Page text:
I don’t have any prospects on there as that would be a step too far – however, this is where Facebook Groups comes in. I run my own group (as part of my personal brand), and I am a member of multiple others. If this makes you slightly uncomfortable just make sure your privacy settings are up to date. Don’t forget to join our group.

6. Share valuable, relevant content

You want to get the attention of your buyers / prospects and add some genuine value. Do a bit of a brainstorm and think about all the business related content you might want to share with them.

You can do this manually from a website or set up website / news platforms, but my recommendation is that you head over to Feedly to set up content feeds and share from there. Feedly also hooks up nicely to 3rd party Social Media Management platforms like it does with the platform I use – Sprout Social. This makes it super easy to share, especially by using the Chrome plugin.

7. Learn How to Begin / Enter into the conversation

This could be the trickiest part of the whole process. If you are clumsy and do it all wrong, it will be noticeable and get you off to the worst possible start.

Think value versus ask. Offer content, industry insights etc. Before that however, you need to begin conversation.

Here are some points of how you might be able to do this:

  • Your Response to a LinkedIn connection request
  • Comment on an Instagram post
  • Give your opinion on a tweet of theirs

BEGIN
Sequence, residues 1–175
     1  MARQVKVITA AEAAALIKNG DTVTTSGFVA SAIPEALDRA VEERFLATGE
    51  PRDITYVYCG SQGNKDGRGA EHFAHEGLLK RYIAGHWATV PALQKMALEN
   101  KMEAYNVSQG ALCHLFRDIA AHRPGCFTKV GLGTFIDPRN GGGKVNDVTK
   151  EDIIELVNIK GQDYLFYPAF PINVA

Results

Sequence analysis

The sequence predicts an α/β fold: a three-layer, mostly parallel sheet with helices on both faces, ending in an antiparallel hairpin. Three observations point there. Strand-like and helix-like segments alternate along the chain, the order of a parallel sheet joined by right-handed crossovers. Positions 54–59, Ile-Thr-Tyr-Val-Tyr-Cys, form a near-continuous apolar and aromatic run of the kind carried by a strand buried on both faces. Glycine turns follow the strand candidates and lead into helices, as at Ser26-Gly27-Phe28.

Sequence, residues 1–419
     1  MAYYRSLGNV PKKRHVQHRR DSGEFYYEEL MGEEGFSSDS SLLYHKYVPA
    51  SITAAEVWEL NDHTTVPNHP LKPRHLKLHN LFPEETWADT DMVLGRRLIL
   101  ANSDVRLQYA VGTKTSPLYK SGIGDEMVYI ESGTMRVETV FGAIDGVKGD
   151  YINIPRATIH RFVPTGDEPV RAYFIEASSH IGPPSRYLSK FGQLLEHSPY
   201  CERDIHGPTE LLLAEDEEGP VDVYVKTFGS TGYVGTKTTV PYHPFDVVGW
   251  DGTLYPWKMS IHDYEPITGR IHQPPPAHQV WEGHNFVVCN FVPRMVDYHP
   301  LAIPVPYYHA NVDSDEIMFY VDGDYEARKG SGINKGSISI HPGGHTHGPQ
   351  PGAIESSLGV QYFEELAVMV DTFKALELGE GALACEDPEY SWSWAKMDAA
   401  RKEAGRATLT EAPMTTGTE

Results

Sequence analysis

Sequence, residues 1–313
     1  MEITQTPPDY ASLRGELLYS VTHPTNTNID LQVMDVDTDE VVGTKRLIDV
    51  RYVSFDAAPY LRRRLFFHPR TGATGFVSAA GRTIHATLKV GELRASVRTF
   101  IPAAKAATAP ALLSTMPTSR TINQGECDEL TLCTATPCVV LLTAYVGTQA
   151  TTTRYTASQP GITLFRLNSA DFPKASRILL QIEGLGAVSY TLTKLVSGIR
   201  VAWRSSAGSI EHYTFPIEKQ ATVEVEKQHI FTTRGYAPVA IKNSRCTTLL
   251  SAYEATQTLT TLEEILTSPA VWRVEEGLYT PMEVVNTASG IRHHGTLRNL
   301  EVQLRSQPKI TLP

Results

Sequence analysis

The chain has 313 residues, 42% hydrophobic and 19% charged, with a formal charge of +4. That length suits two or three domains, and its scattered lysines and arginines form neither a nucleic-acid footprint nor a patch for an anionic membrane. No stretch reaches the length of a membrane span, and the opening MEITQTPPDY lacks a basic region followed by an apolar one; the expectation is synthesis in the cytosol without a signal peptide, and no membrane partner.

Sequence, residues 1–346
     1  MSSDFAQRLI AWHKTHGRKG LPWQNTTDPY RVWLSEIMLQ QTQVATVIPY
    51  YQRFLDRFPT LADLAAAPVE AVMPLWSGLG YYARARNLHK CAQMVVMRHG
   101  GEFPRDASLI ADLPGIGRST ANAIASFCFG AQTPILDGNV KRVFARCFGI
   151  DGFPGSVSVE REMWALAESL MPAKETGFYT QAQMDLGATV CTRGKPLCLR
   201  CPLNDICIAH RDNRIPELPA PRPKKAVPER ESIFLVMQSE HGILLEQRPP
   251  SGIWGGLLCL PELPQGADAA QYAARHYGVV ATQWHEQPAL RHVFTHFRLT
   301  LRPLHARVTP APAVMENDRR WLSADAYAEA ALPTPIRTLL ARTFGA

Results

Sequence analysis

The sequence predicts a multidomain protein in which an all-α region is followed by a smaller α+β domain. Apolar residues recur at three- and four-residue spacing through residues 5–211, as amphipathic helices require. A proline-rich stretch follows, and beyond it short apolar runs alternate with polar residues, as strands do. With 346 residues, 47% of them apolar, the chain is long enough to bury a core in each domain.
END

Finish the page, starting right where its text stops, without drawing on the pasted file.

• Answer a Quora question of theirs
  • Thank them for commenting on your blog post (by private message)

Check out this article, for more techniques and examples to engage social selling prospects.

8. Understand how many touch points are needed before performing the ask

So, a touch point could be defined as a like on a tweet or comment on a LinkedIn post. Some touches are considered more soft than others.

Doing something like commenting on a LinkedIn post, then sharing it and tagging the author, is considered more substantial touch point. Worded properly, this may allow you to take the conversation in to a private one and subsequently lead to taking things offline (phonecall or meeting).

Record this and add it to your metrics using your CRM, for example.

9. Measure Your Progress

The key metrics that you need to consider are;

  • Current Active Conversations – How many prospects are you having a meaningful conversation with that might take things to the next stage?
  • Asks that you have performed – How many prospects have you asked if they’d like to move to the next stage?
  • Agreements to take the conversation offline – Out of those asked, how many have said yes (and how many said no and why)?
  • Appointments – From the above activity, how many sales appointments have you made.
  • Conversions – From your sales appointments, which have those have converted to a sale.

10. “Social” Selling

With social selling, you want to keep it just that – social. It does not need to be a robotic process.

That does nothing for you, nor your buyer. Stick to the principles but be adaptable and creative in your approach!

11.Follow Influencers, Social News, Tools etc

You need to keep your own knowledge up to date within your industry. There will be various ways to do this, one of which is following the leaders in your sector! Check out published lists of these and then begin following across all platforms. You could create a Twitter list for example.

Locate websites that are going to keep you bang up to date too!

Try Flipboard. This can keep you updated on the subject of your choice. Additionally,  you can create your own magazines which in turn can be shared with your followers and/or prospects.

In Conclusion:

As I mentioned at the start of the post, these best practices are built out of my own experiences. You might have things to add and if so I would be delighted for you to drop them below. I would see the above as a framework for Social Selling and if applied properly, should help you perform better in your role.